Forum Experts 2018

Gilles Saint-Paul

Gilles Saint-Paul

Associate Chair, PSL Excellence Chair, Paris School of Economics

Biography

Gilles Saint-Paul, a graduate of Ecole Polytechnique in Paris, obtained his Ph.D. from MIT in 1990. Since then he has worked on issues related to unemployment, long-term economic growth, political economy and European Labor market institutions. He has published extensively on these issues, in particular, Dual Labor Markets: A macroeconomic perspective (MIT Press, 1996) and The political economy of labour market institutions (Oxford University Press, 2000). His recent work has dealt with the role of bounded rationality in macroeconomic fluctuations and that of beliefs and ideologies in the political economy of reform. His recent books include Innovation and Inequality (Princeton University Press, 2008) and The tyranny of utility (Princeton University Press, 2011), where he discusses how behavioral social science interacts with the rise of the modern paternalistic Welfare State.

He was a professor of economics at DELTA in Paris from 1990 to 1997, and at Universitat Pompeu Fabra in Barcelona from 1997 to 2000, and at Toulouse School of Economics from 2000 to 2012. He is currently a Professor at Paris School of Economics and New York University Abu Dhabi. He also taught at Birkbeck College in London between 2007 and 2009. He has been a visiting professor at CEMFI, Madrid, MIT, UCLA, HEC Paris, London Business school. He has served as a consultant for the IMF, the Spanish government, and the Swedish government. He was a member of the Commission Economique de la Nation, an advisory council to the French minister of finance, of the French Council of Economic. He has been Programme Director of the Centre for Economic Policy Research in London in the area of Labour Economics, as well as CEPREMAP in Paris. He was a member of the Munich-based European Economic Advisory Group at CES-Ifo.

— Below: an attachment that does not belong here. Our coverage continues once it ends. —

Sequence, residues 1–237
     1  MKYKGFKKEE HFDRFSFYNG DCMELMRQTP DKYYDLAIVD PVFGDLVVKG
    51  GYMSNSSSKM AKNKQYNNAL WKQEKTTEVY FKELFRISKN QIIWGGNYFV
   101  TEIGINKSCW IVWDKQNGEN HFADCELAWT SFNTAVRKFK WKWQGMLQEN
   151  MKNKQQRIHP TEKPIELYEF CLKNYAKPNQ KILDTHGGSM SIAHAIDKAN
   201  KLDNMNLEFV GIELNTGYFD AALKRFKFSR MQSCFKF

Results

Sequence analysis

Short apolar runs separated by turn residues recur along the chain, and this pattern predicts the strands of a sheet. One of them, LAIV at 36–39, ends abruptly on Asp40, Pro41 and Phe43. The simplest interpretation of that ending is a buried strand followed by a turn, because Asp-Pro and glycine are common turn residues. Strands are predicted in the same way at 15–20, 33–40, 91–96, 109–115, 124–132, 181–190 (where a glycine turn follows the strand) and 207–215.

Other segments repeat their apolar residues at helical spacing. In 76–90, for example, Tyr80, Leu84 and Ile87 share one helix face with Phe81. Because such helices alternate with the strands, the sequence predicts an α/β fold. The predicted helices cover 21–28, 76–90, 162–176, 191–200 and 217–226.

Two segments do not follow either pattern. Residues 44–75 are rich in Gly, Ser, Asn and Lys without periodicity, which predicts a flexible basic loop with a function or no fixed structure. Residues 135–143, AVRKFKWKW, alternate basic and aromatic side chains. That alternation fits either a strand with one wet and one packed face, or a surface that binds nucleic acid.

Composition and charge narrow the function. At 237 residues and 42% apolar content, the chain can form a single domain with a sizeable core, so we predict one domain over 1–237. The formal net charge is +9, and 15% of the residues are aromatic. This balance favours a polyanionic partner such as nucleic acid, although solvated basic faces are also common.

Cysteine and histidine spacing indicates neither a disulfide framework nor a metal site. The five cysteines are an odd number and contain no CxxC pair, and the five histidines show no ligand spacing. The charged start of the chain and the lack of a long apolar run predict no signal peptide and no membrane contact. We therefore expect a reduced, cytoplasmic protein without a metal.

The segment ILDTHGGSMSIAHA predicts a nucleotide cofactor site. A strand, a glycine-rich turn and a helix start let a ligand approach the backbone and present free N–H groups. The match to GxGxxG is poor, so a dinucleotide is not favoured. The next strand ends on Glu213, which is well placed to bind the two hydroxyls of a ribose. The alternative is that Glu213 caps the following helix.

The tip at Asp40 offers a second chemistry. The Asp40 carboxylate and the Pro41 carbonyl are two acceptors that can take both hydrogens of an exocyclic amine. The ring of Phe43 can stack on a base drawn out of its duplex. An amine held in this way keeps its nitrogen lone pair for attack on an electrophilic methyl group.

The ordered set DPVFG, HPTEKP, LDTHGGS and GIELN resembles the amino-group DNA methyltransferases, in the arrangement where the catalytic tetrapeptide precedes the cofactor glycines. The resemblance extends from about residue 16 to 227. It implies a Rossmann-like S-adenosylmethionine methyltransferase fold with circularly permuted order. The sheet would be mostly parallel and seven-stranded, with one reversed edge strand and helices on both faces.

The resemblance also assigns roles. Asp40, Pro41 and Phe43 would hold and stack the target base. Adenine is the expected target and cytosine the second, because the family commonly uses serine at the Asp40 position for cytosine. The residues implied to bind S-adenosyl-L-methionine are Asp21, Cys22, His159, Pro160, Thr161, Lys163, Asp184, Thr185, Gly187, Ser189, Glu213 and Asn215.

In 2007 he was awarded the Yrjö Jahnsson medal by the European Economic Association, which is given every two years to the best European economist under 45.